by David R. Hendersonvia EconLog
Saturday, September 6, 2014

In this weekend's Wall Street Journal, Ken Gormley and David Shribman celebrate the 40th anniversary of President Ford's pardon of Nixon. The piece is titled "The Nixon Pardon at 40: Ford Looks Better Than Ever." They give basically three arguments:

"Joan Rivers 2010 - David Shankbone" by David Shankbone - Cropped from Joan Rivers at Musto's 25th Anniversary. Licensed under Creative Commons Attribution 2.0 via Wikimedia Commons
Analysis and Commentary

Joan Rivers: More Than a Comedian

by David R. Hendersonvia EconLog
Friday, September 5, 2014

Like many people, I mourn the loss of Joan Rivers. In the last year or so, my wife and I have gotten into watching Fashion Police and enjoying, except for her over-the-top comments, many of Joan's great, obviously prepared, catty lines.

Analysis and Commentary

Why Academic Achievement Matters

by Herbert J. Walberg, Joseph L. Bast mentioning Eric Hanushek, George P. Shultz, Hoover Institutionvia Human Events Online
Friday, September 5, 2014

Socrates famously said “the unexamined life is not worth living.” He was reflecting on the private benefits of learning about ourselves and the world around us.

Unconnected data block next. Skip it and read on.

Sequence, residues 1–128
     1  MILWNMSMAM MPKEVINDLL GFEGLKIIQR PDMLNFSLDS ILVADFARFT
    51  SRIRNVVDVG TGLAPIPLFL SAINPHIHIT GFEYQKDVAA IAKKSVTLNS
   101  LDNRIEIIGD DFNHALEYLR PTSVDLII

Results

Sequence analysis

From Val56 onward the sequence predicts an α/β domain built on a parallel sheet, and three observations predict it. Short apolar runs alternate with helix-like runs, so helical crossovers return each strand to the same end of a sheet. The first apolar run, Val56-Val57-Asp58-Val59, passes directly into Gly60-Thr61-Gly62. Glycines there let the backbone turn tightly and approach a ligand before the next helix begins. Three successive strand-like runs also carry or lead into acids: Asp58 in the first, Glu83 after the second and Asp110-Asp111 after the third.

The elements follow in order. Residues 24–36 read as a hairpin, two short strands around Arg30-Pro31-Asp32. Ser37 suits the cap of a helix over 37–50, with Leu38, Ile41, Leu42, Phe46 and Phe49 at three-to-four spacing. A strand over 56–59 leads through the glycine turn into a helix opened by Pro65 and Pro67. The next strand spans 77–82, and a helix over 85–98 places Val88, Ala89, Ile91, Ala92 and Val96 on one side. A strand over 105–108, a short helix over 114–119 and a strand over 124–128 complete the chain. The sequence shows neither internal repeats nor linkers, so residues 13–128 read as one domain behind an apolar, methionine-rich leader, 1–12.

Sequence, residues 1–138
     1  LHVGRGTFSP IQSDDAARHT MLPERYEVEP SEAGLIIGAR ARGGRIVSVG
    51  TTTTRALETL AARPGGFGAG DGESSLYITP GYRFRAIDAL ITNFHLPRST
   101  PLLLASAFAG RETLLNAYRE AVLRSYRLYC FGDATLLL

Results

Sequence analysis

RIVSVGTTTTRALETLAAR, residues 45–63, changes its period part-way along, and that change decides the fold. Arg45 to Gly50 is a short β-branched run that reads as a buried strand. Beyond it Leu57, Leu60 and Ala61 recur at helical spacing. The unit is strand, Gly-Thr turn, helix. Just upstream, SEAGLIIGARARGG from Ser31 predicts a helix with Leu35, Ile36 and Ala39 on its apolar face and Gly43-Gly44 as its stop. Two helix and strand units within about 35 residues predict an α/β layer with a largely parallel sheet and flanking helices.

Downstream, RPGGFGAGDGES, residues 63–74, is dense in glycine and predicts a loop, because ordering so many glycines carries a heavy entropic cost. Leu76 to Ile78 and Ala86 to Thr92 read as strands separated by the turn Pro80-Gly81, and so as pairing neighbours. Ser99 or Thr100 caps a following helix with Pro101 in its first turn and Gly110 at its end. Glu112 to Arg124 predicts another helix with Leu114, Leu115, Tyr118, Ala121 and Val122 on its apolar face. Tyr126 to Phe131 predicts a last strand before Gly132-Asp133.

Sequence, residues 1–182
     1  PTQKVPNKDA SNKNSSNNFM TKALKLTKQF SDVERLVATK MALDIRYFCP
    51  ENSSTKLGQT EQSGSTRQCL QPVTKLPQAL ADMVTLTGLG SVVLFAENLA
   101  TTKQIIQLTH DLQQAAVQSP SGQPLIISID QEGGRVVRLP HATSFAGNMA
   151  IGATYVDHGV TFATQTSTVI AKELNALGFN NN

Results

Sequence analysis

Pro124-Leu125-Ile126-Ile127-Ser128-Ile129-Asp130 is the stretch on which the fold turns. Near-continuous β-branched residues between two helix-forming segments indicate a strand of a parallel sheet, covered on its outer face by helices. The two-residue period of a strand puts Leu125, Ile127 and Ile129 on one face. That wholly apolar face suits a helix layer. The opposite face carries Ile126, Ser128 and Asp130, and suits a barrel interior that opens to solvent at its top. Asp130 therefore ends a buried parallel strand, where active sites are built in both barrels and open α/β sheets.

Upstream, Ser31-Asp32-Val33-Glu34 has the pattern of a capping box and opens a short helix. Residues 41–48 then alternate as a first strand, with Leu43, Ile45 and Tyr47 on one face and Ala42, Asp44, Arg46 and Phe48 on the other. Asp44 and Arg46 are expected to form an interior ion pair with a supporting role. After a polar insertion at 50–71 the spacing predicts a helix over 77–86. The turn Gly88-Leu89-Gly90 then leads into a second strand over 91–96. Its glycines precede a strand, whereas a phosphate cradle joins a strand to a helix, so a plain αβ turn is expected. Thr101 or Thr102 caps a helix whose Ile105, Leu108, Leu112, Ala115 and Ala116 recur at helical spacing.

Interviews
Interviews

Peter Berkowitz on the John Batchelor Show

interview with Peter Berkowitzvia John Batchelor Show
Friday, September 5, 2014

Senior Fellow Peter Berkowitz discusses the recently release book Excellent Sheep: The Miseducation of the American Elite on the John Batchelor Show.

Interviews

Richard Epstein on the John Batchelor Show (19:20)

interview with Richard A. Epsteinvia John Batchelor Show
Friday, September 5, 2014

Senior Fellow Richard Epstein discusses Libertarianism and Rand Paul on the John Batchelor Show.

Interviews

Mark Moyar on the John Batchelor Show (10:31)

interview with Mark Moyarvia John Batchelor Show
Friday, September 5, 2014

Military History Working Group Member Mark Moyar discusses ISIS on the John Batchelor Show.

In the News
In the News

Harvard Gets Largest-Ever Donation

mentioning Caroline M. Hoxbyvia Wall Street Journal
Monday, September 8, 2014

Gerald Chan, a Harvard-educated investor, is donating $350 million to the university's School of Public Health, the largest gift in the 378-year history of the U.S.'s richest university.

In the News

NATO Coalition Against ISIS: Turkey Role Mostly Symbolic

quoting Kori Schakevia International Business Times
Sunday, September 7, 2014

Turkey is the most crucial country in President Barack Obama’s proposed NATO coalition against the Islamic State, but it’s also the least willing. As the only NATO member in the region, as well as a known entry point for foreign fighters going to Syria, Turkey wields a disproportionate amount of power when it comes to fighting the Islamic State, or the militant group formerly known as ISIS. But because of Turkey’s own vulnerable political situation, experts believe the Muslim country will play a mostly passive role.